Be Smart, Be Seen
How many students can you easily see in the photo below? A little light makes all of the difference! Flashlights, reflective clothing and adding reflective tape to backpacks will help your child be seen and be safe.
Walking to School or Bus Stop
you follow some safety guidelines and have an established walking route
to school, walking can be a great way to get to school, and get some
exercise and fresh air, too!
Here are some important tips to keep in mind when walking to school (adapted from this Tips for Walking Safely to School brochure):
Walk Together. Whether
you walk with a parent or caregiver, an older sibling, a friend, or as
part of a group of walkers, there is safety in numbers! Walking with a
group also makes the walk even more fun. Younger children should always
walk with an adult. When your parents decide you can walk by yourself,
make sure to
Walk with a friend or sibling.
Choose a safe walking route with your parents and then walk the same route every day.
Don’t push, shove, or chase people near the street.
Never take rides from people not arranged by your parent or caregiver.
Talk to your parent, caregiver, or teacher if you have a bad experience like bullying.
Be Seen. You
should use a flashlight when it is dark, foggy, or hard to see. It
helps you to see where you are going, but it also helps drivers see you!
It is also important to wear bright clothes and use reflective gear.
Look for Traffic. Watch
out for cars at every driveway and intersection. You should look for
drivers in parked cars to make sure they aren’t getting ready to move.
Don’t dart out in front of parked cars!
Cross the Street Safely. According to the National Center for Safe Routes to School, you can safely cross the street by:
· Stopping at the curb or edge of the street.
· Looking left, right, left and behind you and in front of you for traffic.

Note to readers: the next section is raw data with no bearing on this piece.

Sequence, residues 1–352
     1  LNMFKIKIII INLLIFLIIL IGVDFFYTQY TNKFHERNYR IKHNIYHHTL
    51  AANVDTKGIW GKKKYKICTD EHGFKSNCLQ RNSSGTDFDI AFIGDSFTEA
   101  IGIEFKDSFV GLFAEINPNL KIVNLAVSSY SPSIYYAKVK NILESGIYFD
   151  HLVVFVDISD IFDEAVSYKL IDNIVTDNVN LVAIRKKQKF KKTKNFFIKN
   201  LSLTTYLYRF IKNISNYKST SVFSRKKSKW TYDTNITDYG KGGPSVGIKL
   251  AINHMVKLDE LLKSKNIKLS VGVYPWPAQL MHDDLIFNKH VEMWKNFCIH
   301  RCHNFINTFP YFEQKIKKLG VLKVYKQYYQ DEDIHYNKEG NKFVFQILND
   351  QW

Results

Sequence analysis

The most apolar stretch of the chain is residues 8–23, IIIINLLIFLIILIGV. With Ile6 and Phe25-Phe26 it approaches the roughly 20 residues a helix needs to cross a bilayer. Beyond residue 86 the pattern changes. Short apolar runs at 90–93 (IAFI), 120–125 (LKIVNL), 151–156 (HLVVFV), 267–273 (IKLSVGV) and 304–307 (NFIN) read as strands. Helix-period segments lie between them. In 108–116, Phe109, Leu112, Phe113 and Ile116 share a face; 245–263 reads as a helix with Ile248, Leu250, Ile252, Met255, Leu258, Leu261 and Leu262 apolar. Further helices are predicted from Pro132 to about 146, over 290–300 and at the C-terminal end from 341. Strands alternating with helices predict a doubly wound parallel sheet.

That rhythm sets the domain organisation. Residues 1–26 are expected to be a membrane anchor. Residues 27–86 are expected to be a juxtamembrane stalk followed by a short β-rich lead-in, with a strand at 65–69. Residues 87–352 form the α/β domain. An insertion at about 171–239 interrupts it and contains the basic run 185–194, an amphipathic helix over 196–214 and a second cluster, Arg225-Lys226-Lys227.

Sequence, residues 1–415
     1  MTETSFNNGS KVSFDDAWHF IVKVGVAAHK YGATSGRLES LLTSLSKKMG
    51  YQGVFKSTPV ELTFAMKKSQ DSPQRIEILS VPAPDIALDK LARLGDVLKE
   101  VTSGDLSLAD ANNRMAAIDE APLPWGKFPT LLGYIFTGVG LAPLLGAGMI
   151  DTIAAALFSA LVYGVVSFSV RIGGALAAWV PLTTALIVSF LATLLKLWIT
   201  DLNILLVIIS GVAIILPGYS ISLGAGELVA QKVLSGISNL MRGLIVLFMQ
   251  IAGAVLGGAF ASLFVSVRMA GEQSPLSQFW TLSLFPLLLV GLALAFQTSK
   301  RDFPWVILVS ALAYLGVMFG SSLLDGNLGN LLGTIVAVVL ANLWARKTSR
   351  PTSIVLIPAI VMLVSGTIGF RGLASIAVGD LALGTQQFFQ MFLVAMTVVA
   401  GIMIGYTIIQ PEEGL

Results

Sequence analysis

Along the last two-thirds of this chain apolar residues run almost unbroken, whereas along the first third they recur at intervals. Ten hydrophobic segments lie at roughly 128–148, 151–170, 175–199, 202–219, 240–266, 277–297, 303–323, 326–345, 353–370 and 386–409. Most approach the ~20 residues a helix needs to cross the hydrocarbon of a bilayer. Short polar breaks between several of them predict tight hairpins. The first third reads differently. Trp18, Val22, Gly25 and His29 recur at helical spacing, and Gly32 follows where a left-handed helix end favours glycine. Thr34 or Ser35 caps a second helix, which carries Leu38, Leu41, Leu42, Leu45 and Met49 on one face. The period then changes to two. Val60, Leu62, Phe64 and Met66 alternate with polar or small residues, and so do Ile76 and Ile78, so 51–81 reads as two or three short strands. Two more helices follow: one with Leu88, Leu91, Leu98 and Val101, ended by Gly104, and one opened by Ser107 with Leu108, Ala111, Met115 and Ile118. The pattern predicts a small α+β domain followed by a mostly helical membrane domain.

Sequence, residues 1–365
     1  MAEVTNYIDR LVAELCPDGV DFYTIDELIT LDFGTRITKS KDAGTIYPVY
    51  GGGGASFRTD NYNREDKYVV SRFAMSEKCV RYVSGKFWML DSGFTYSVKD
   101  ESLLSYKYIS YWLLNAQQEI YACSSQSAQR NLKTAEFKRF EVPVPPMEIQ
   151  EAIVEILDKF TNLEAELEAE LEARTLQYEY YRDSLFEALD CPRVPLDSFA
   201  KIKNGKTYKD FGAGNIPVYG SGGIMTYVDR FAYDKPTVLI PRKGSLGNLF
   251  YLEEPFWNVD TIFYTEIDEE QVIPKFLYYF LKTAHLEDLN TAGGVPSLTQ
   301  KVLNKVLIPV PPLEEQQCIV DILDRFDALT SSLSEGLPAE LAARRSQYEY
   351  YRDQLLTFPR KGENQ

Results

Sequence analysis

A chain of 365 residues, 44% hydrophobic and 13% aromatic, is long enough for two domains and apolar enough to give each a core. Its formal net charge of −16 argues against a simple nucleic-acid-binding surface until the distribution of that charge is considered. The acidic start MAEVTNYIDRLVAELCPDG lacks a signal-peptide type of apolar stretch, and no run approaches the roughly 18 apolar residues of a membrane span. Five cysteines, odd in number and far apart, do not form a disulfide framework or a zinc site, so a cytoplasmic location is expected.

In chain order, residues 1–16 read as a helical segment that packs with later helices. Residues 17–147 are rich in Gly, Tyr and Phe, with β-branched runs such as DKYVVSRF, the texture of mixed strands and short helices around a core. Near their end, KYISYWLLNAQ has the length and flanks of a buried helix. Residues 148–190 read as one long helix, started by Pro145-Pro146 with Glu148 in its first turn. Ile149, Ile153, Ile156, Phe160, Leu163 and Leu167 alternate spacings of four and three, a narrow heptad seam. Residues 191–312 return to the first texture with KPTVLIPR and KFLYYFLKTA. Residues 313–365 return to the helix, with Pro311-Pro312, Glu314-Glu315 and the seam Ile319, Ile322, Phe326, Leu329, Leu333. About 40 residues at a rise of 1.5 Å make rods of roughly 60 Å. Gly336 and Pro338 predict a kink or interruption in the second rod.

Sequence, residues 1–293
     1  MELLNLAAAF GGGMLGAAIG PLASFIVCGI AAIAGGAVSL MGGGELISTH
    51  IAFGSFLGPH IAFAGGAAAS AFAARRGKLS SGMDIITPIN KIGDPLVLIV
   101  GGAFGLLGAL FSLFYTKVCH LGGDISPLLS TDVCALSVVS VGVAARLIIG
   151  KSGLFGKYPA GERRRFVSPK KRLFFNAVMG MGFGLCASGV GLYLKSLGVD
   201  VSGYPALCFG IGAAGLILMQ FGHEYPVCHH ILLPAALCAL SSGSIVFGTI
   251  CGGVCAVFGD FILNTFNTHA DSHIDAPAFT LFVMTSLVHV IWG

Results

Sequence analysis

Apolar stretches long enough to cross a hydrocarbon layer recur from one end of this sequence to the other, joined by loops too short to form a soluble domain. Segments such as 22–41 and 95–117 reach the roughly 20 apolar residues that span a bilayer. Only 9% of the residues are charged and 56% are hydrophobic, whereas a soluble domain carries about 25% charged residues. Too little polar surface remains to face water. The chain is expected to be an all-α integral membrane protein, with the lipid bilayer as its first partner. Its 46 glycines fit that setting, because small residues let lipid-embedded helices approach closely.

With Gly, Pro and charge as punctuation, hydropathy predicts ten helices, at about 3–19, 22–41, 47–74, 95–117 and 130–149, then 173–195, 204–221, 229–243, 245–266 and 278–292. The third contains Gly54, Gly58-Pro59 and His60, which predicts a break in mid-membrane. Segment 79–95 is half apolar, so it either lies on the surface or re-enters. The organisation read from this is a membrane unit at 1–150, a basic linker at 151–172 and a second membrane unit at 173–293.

· Waiting until no traffic is coming and begin crossing.
· Looking for traffic until you have finished crossing.
· Walking, not running, across the street.
Obey Traffic Signs, Signals and Rules. You
should walk on sidewalks and paths when they are available. If there is
not a sidewalk, you should walk facing traffic. Be sure to stop at all
stop signs and obey traffic signals.
The National Center for Safe Routes to School has information on Helping Children Learn Pedestrian Safety Skills: Overview for parents and caregivers. This includes information for parents of children ages 4-6, 7-9, and 10 and older. Parents should also remember to be a Walking Role Model
– wear bright clothes, obey traffic rules, and make sure you practice
safe crossing habits. Your children learn a lot from your example. Basics for Pedestrian Safety Brochure
Safe Walk Zone Maps
Bicycling to School
riding can be a fun and healthy way to get to school, if you ride
safely. Here are some important safe riding tips to make sure you are a
Follow the Rules of the Road.
Make sure you follow all traffic signs and signals, go with the traffic
flow, stay alert, watch for vehicles, and wear your helmet. Check out
this great list of Safe Riding Habits for more information.
Decide Where to Ride. Bicyclists
ages 10 and over should bicycle on the road like a vehicle on the
street, whereas bicyclists under the age of 10 may be more comfortable
riding on the sidewalk. This NHTSA reminds riders to make safe choices about where to ride.
If you ride on the sidewalk, remember you must yield the right-of-way
to pedestrians. To assess and build your child’s bicycling skills, check
out this brochure: Helping your child be a safe bicyclist.
Ride in a straight line. If you ride with friends, you should always
ride single file. Always look and make sure it is clear before turning
or crossing the street. Use hand signals to let drivers know when you
are stopping or turning. Watch out for hazards on the road, like rocks,
glass, potholes or parked cars.
Always Wear a Helmet.
Helmets protect your brain and can save your life. If you want
information on bicycle helmet laws and safety facts, check out this
National Highway Traffic Safety Administration (NHTSA) publication, Bicycle Helmet Use Laws. You should make sure your helmet fits you right. For more information on helmet fitting, see these NHTSA publications, Easy Steps to Properly Fit a Bicycle Helmet, Consejos y pasos para el uso debido del casco para montar bicicleta, Be a “Roll Model”: Wear a Helmet, and Fitting a Bike Helmet.
Practice Your Hand Signals. Use hand signals
well in advance of any turn and scan backwards before you signal. You
should: (1) While keeping both hands on the handlebars, scan backwards
over your left shoulder to check for traffic; (2) If it is clear, you
then signal and turn, again keep checking for traffic by scanning over
your shoulder; and (3) If it is not clear, you should wait for a break
in traffic before signaling or turning.
Keep Your Bike Maintained. The ABC Quick Check should be used before every ride to make sure your bike is ready to ride.
Basics for Riding Safe Brochure (PDF)